NEW YORK — Michael Urie recently shared his stage with a noisy visitor and was not amused. He was rehearsing his one-man show and the buzzing fly around his face was grossing him out.
“No,” he told the annoying insect, in full diva-mode. “I work alone.”
The former “Ugly Betty” star certainly doesn’t need any help in Jonathan Tolins’ play “Buyer & Cellar,” which reopened this week at the Barrow Street Theatre following a successful stint at the Rattlestick Playwrights Theater.
The Juilliard-trained Urie plays a struggling actor who lands a job as a clerk in an underground mall of quaint shops. The weird part is the mall is part of Barbra Streisand’s estate and only she goes down there.
For more than 100 minutes, Urie plays out more than 30 scenes in which his character has a fraught tango with the fictional Babs, eventually teasing out questions about celebrity, materialism and fame. It’s moving and sweet and funny.
“I basically don’t start speaking,” Urie says.
Since “Ugly Betty” ended, he basically hasn’t stopped working: from the off-Broadway turn in “The Temperamentals” to the revival of “Angels in America” to “The Cherry Orchard” to the Broadway musical “How to Succeed in Business Without Really Trying.”
“One thing they all have in common is that they’re all funny,” says Urie, 32, who is also a movie director and filmed the upcoming “Such Good People” with Randy Harrison over the five weeks when “Buyer & Cellar” took a break.
Urie recently revealed his evolving relationship with Babs, why he won’t drink water onstage and the time he got paid to get stoned.
Q: Did you know “Buyer & Cellar” would touch a chord?
A: I had a feeling when I read it that, if I did it and I was able to make it work, everyone would at least be nice to me because of how challenging it was. At least people would be like, ‘Good job, you!’ At the very least, people would be, ‘Aw. You learned all of that.’
Q: Which of Barbra Streisand’s movies did you watch the most to get ready?
A: “Meet the Fockers” is the movie that I watched the most. It’s recent and because she’s got that maternal thing going on that’s sort of in our play. But she’s also sexy in that.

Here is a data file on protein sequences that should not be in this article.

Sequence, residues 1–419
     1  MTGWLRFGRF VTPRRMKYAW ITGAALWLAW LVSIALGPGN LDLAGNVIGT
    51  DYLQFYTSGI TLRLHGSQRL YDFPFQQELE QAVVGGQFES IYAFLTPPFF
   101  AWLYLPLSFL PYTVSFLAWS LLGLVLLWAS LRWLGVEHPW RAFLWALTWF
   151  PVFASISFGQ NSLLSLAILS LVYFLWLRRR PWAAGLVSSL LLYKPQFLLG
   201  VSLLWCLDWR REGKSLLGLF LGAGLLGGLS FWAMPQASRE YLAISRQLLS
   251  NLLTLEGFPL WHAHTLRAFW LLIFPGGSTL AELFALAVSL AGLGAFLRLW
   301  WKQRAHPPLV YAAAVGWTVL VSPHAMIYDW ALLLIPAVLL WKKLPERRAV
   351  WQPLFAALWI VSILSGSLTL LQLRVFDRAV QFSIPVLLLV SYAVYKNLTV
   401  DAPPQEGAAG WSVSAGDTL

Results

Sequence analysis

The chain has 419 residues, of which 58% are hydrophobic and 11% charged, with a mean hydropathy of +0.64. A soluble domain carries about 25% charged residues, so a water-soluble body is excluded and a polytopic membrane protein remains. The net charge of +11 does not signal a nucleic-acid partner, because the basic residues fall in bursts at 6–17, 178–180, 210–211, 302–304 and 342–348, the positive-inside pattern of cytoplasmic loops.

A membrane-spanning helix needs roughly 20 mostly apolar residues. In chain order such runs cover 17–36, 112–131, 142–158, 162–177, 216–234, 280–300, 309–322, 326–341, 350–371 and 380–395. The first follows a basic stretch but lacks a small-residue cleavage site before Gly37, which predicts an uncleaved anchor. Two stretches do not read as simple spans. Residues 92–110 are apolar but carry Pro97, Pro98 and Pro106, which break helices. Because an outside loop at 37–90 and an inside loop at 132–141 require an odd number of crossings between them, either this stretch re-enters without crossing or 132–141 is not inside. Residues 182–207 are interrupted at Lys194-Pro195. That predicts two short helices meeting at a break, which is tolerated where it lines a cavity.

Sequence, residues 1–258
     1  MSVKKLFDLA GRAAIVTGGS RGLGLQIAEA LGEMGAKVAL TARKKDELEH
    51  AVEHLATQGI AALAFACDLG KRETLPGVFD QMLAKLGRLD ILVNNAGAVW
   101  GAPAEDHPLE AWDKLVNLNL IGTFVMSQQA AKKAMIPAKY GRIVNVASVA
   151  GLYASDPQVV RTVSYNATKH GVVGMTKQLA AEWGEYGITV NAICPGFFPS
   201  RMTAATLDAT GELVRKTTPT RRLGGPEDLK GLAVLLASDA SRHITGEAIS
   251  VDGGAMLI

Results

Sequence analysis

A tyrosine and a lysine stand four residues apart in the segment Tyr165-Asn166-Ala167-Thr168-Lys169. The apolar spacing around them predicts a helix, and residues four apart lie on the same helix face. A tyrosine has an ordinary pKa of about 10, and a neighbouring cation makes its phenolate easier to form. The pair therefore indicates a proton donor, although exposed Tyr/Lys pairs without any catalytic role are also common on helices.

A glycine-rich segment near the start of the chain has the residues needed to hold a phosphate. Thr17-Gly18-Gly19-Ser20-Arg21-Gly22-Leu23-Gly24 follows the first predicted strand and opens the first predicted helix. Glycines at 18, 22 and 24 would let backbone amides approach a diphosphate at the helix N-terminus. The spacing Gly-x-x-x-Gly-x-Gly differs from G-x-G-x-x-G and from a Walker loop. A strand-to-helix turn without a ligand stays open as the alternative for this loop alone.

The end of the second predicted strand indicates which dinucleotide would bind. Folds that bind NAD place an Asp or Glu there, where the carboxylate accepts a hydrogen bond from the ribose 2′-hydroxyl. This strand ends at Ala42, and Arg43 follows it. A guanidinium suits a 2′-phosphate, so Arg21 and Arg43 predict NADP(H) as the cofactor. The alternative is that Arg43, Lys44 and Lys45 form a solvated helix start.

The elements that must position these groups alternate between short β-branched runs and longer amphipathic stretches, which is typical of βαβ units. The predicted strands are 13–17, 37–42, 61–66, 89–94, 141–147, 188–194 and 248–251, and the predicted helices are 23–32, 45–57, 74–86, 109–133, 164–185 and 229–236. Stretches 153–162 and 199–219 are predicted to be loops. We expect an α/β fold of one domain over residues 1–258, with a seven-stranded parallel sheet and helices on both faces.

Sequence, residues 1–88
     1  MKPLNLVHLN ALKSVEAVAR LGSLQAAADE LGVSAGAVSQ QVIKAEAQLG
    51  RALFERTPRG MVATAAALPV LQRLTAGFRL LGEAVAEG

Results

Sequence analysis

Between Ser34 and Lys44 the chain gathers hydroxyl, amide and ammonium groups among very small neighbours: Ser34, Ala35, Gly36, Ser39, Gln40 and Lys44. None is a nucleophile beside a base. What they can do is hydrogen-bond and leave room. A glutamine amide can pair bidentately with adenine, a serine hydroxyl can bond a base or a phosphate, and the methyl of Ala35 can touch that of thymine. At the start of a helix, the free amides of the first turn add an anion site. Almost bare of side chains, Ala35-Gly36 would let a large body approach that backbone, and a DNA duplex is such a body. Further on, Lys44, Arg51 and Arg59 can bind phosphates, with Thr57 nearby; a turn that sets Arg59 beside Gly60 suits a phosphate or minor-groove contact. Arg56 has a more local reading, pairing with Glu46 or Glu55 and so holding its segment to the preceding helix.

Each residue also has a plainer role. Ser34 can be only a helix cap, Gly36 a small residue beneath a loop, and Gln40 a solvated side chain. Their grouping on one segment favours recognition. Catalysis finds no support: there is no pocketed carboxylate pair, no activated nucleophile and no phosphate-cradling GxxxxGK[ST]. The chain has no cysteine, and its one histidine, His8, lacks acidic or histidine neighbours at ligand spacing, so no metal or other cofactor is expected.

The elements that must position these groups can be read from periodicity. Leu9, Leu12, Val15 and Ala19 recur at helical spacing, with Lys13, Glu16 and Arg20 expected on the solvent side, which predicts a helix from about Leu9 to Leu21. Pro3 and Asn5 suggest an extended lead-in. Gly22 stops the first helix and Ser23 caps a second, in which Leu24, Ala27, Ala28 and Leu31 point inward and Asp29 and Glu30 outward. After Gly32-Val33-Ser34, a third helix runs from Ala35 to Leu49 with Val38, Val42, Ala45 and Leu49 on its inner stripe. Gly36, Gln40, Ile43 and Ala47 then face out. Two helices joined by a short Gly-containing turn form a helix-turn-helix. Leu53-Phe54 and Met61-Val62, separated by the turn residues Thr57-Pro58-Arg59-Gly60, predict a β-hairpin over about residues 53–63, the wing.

Q: Were you a Streisand fan before this?
A: I was an admirer. I wouldn’t rush out to buy an album or see a movie, but I certainly enjoyed her and I liked a lot of her music. But since getting to know her — peripherally, or in my head — I have become a fan. She’s just a tremendous artist. Not only does she have a crazy good voice and a musicality, but she’s a great actor and a great filmmaker and remains an icon somehow when few are.
Q: What have you learned about yourself?
A: I’ve learned that I can speak for 100 minutes straight without taking a drink of water. I have water onstage if I need it. It’s hidden onstage for me but I’ve never used it. I don’t want to use it. The pace of the play is so tight that if I did take a drink, it would shorten the play and I don’t want people to be worried about me. You know, like, “Oh, he needs a drink. I hope he’s OK.”
Q: This play is about an out-of-work actor trying to make ends meet. What kinds of things did you do before you were famous?
A: Usually, I would do extremely menial jobs like answering phones, transferring calls, sometimes even less. Sometimes just manning a desk. There was one job I had where I sat in a reception area for a law firm and I had to push a button to unlock the door whenever somebody came to the door. That was my only job. They didn’t need me for anything except unlock the door.
Q: That sounds grim. Anything else?
A: I did do one pretty ridiculous job for money. I did a medical research study for the effects of marijuana. I would go to Columbia University and get high. I would smoke and do these computer tests, like match the dots or something like that. It was a six-week study and I would go every week. Every week was a different level of marijuana. The first week I got stoned out of my mind and they just make sure you don’t go crazy. The next week was weaker. It was varying degrees. The placebo was boring. It was a fun job and they paid really well. But you didn’t get to keep any of it.